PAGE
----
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Maurer reflects on bowl game gone awry

Commentary

by RANDY HAMMERICKSEN

He rode mopeds at the beach, body-surfed, sampled Hawaiian cuisine at luaus and soaked up the sun.

It was eight days of paradise for former Cascade Christian High football player Marty Maurer, 21, and his Oregon State football teammates.

Then, the reality of a 23-17 loss to the University of Hawaii in the Jeep Oahu Bowl set in Christmas night. Maurer and the Beavers were stunned by a Hawaii team they know they should have beaten, at Aloha Stadium in Honolulu.

OSU jumped to a 7-0 lead and looked liked they'd be able to dominate Hawaii's smaller, overmatched defense.

But things changed quickly.

It's hard to believe we lost that game, says Maurer, a 6-foot-4, 240-pound junior starting tight end for the Beavers from Jacksonville. We took the ball right down the field and punched it in for our first touchdown, and we knew we were better than them.

Our linemen were knocking them down and we laughed at them, says Maurer. It was as if we were saying, `Is that all you've got?'

But the Beavers found out the Rainbows had plenty more in a defensive arsenal directed by coordinator Greg McMackin. The former Southern Oregon University player and Oregon Tech coach put his players in positions to blunt the Beavers' offense with an array of blitzes.

We made a lot of mistakes, says Maurer. After that drive, I think we let up a little, too. There wasn't the same fire after that.

OSU was penalized 14 times for 138 yards. It was a continuation of the pattern the Beavers fell into in losing to Oregon in the Civil War.

Late hits, too much talking and lapses in concentration caused the Beavers to crash in their final two games.

We aren't always a very smart team, says Maurer. Sometimes, we get a little too emotional, and that hurts us. But I like our competitive spirit. We need to be a little smarter about it.

It's still a great year and it was a great trip. You can't take away from what we did this year. We plan to build on that next year.

The Beavers, who finished the season with a 7-5 record, have many fond memories of the season when they snapped the program's long history of losing.

We accomplished a lot, and this team will be remembered as the one that turned it (OSU's streak of 28 consecutive losing seasons) around, says Maurer. Now, we go on from here.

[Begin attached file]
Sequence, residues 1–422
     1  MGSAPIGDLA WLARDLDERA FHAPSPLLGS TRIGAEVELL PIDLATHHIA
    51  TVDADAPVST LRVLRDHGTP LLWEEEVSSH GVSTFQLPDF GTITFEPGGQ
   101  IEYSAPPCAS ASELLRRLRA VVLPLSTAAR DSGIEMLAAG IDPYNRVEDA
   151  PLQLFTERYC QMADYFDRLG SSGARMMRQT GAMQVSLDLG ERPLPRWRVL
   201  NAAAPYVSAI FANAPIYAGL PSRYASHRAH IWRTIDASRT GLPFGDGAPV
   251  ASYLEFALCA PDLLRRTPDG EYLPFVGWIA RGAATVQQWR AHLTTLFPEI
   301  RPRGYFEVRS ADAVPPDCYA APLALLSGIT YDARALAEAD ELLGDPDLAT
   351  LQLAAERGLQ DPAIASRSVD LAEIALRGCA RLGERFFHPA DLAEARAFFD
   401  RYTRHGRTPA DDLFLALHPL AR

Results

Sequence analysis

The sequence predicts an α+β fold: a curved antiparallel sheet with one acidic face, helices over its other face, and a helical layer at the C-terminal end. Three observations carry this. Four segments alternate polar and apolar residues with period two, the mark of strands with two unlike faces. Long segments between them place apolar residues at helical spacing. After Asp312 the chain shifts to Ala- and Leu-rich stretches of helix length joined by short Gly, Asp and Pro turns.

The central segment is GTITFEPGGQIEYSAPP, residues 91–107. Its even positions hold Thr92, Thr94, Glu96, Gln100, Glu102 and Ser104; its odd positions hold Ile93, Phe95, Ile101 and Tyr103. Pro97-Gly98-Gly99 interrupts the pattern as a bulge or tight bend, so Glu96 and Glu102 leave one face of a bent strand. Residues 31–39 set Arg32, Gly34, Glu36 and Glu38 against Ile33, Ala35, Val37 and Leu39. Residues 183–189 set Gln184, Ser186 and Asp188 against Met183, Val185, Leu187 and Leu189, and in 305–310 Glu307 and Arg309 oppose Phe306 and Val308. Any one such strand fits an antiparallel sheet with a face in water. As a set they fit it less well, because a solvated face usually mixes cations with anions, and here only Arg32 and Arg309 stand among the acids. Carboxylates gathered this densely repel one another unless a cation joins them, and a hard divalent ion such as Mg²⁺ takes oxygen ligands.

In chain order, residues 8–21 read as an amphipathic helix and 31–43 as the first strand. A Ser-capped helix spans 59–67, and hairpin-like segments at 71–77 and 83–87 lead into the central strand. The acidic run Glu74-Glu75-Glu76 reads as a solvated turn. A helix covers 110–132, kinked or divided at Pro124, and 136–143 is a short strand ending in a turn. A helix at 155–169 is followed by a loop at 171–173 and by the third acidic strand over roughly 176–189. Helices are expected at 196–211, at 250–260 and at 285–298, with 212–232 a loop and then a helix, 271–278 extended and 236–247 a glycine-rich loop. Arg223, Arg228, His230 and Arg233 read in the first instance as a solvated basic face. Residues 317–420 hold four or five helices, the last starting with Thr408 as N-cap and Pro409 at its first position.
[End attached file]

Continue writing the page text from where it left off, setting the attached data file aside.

Confidence will be high on this team to do the same thing, or more, next season. We know we will be right in there to win the Pac-10 next season. Nobody will push us around.

Such thoughts weren't at the fore Christmas night.

First, there was the bowl defeat. Then, two of Maurer's teammates, defensive tackles Paul Luoma and Charles O'Neal, were stabbed outside a Waikiki restaurant in the wee hours following the game.

It was real bad, says Maurer. I guess some guys came up to them with a baseball bat and then a knife came out.

It started because these guys were flipping our players some crap for losing the game.

Luoma returned with the team Sunday; O'Neal was released from a Honolulu hospital Wednesday and was hoping to leave the Islands today.

Maurer is back home in Jacksonville for the holidays.

Maurer, who caught one pass for 16 yards in the bowl game, says he was frustrated because he didn't have more passes thrown his way.

I was open a few times, but that's just more a product of the system than anything, he says. It's football, and I don't have any complaints, although I'd like to get the ball more.

McMackin, who coached under Beaver coach Dennis Erickson at Miami and with the Seattle Seahawks, described Maurer as an ideal Erickson tight end because he has size, athletic ability and he can catch the ball very well. I'm sure Dennis will want to use him more as a senior.

Erickson apparently has intimated as much.

Coach told me during a practice in Hawaii that they are going to put some more things in (the offense) for me next year, says Maurer. I like it.